John the Baptist is "more than a prophet" because the age of the prophets has come to an end. He has a specific role to play in the eschatological events which are in progress. He Is "that Elijah who is to come". With even more reason the identity of Jesus in the gospels is not, cannot, be reduced to that of one of the prophets He has a central role to play in eschatological events which they have not. He is the Son of Man, or the Messiah.

The Acts of the Apostles (3:18-23), while considering the messianic identity of Jesus to be central, also supports the thesis that he is the prophet foretold in Deut 18:15:

"What God foretold by the mouth of all the prophets, that his Christ should suffer, he thus fulfilled. Repent, therefore, and turn again, that your sins may be blotted out, that times of refreshing may come from the presence of the Lord, and that he may send the Christ appointed for you, Jesus, whom heaven must receive until the time for establishing all that God spoke by the mouth of his holy prophets from of old. Moses said, the Lord God will raise up for you a prophet from your brethren as he raised me up. You shall listen to him in whatever the tells you. And it shall be that every soul that does not listen to that prophet shall be destroyed from the people..." (Acts 3:18-23).

The identification of Jesus as the eschatological prophet, about whom the passage already quoted from the synoptics kept silence, probably came to light in the first Christian church as the result of a desire to show how all the predictions concerning the eschatological age, and therefore even that of Deut 18:15. were fulfilled in Jesus. In fact. the Acts of the Apostles continues, corroborating that

...all the prophets who have spoken, from Samuel and those who came afterwards, also proclaimed these days" (Acts 3:24).

Besides, the expectation of this prophetic figure, the prophet, while not having great popular repercussions, nor yet a central place in theology, reappears in the question about the identity of the Baptist which one finds at the beginning of John's gospel:

"...when the Jews sent priests and Levites from Jerusalem to ask him, 'Who are you?' He confessed, he did not deny, but confessed, 1 am not the Christ: And they asked him, 'What then? Are you Elijah?' He said, I am not' Are you the prophet? And he answered. -No: They said to him then, -Who are you? Let us have an answer for those who sent us. What do you say about yourself?' He said, I am the voice of one crying in the wilderness: Make straight the way of the Lord, as the prophet Isaiah said" (Jn 1:19-23).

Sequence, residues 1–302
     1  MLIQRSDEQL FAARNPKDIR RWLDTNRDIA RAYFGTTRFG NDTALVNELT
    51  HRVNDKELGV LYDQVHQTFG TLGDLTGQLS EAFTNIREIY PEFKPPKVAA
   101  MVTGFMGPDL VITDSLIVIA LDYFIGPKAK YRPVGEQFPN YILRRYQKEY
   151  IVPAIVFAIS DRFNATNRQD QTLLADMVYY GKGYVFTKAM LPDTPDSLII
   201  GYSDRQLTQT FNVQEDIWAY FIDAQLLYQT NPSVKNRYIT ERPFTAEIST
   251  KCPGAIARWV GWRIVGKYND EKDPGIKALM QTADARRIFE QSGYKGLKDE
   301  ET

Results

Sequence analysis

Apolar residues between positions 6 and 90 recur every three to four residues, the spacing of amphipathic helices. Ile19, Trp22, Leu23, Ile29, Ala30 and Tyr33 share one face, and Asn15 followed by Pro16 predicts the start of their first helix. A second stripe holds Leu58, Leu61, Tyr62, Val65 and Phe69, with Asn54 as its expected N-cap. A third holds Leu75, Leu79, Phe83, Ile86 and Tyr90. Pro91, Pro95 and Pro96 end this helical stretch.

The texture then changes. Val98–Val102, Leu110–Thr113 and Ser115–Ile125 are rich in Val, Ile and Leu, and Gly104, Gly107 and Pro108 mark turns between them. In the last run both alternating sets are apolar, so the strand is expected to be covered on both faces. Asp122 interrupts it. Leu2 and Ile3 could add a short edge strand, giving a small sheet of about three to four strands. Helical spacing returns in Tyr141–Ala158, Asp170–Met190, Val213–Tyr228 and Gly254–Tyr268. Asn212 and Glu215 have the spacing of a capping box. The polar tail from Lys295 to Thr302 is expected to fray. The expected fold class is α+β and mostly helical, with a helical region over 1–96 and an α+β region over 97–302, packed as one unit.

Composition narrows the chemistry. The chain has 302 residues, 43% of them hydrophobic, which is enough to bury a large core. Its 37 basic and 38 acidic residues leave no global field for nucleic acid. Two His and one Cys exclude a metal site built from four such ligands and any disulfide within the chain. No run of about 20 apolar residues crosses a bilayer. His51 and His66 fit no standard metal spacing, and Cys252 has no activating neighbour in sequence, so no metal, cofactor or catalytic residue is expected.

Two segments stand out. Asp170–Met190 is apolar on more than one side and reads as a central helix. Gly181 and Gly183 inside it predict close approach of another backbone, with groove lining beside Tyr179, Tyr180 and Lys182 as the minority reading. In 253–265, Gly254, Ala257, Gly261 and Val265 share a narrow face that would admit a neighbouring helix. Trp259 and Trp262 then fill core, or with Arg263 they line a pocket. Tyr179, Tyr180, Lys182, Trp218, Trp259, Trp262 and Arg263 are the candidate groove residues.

It also appears in other passages of John's gospel:

"This is indeed the prophet who is to come into the world" (Jn 6:14).(2)
"When they heard these words, some of the people said, 'This is really the prophet: Others said, 'This is the Christ.' But some said, 'Is the Christ to come from Galilee? Has not the scripture said that the Christ is descended from David, and comes from Bethlehem, the village where David was?' So there was a division among the people over him" (Jn 7:40-43).

All these texts are conditioned by a theological preoccupation: in comparison with other contexts, especially that of Messiah, the historical-religious content of the concept of "prophet" is reshaped so that it can be differentiated from that of "Messiah". The fundamental theological question for infant Christianity, in regard to the demand as to whether Jesus was a prophet or less, lay in the fact that, within Judaism, any religious personage like Jesus, who claimed to be sent by God or to be transmitting a revelation from God, would of necessity be a prophet.

On the other hand, Jesus came at a moment when Judaism had already for some time possessed a religious tradition which was codified and universally recognized as having its basic point of reference in the canon of the Torah and the Prophets: "the Law and the Prophets". Moreover, the Torah had been revealed by God to Moses, the greatest of the prophets. Anyone claiming religious authority or mission would therefore have to relate it to that of the Torah and Moses. Even prescinding from the question as to whether it really was universally held at this time that prophetic revelation had been definitively ended with Ezra, to qualify oneself simply as a prophet necessarily carried with it a proper subordination to the Torah, transmitted by God through the greatest of the prophets, Moses. This is the reason why the earliest Christian tradition did not consider the title of prophet adequate for Jesus, while on the other hand it continually faced up to the problem of Jesus' superiority to Moses, as for example in well-known passages such as the prologue to John (Jr) 1:17),1 the letter to the Galatians (3:19-29)4 and the letter to the Hebrews (3:1-6)k These succinct theological formulations are not found in the synoptics, which nevertheless ask the question over and over again in the form of debates concerning many of the concrete actions of Jesus and his interpretations of the Law.

The fact that the earliest Christian tradition avoided giving Jesus the title of prophet as designating his nature in its profundity and the ultimate meaning of his mission, has practical consequences for any research into the subject. Whoever wishes to investigate the prophetic dimension of Jesus cannot limit him/herself to those passages in the gospels which speak explicitly of prophecy, but must also look at those aspects of the behaviour of Jesus which are effectively characteristic of a prophet.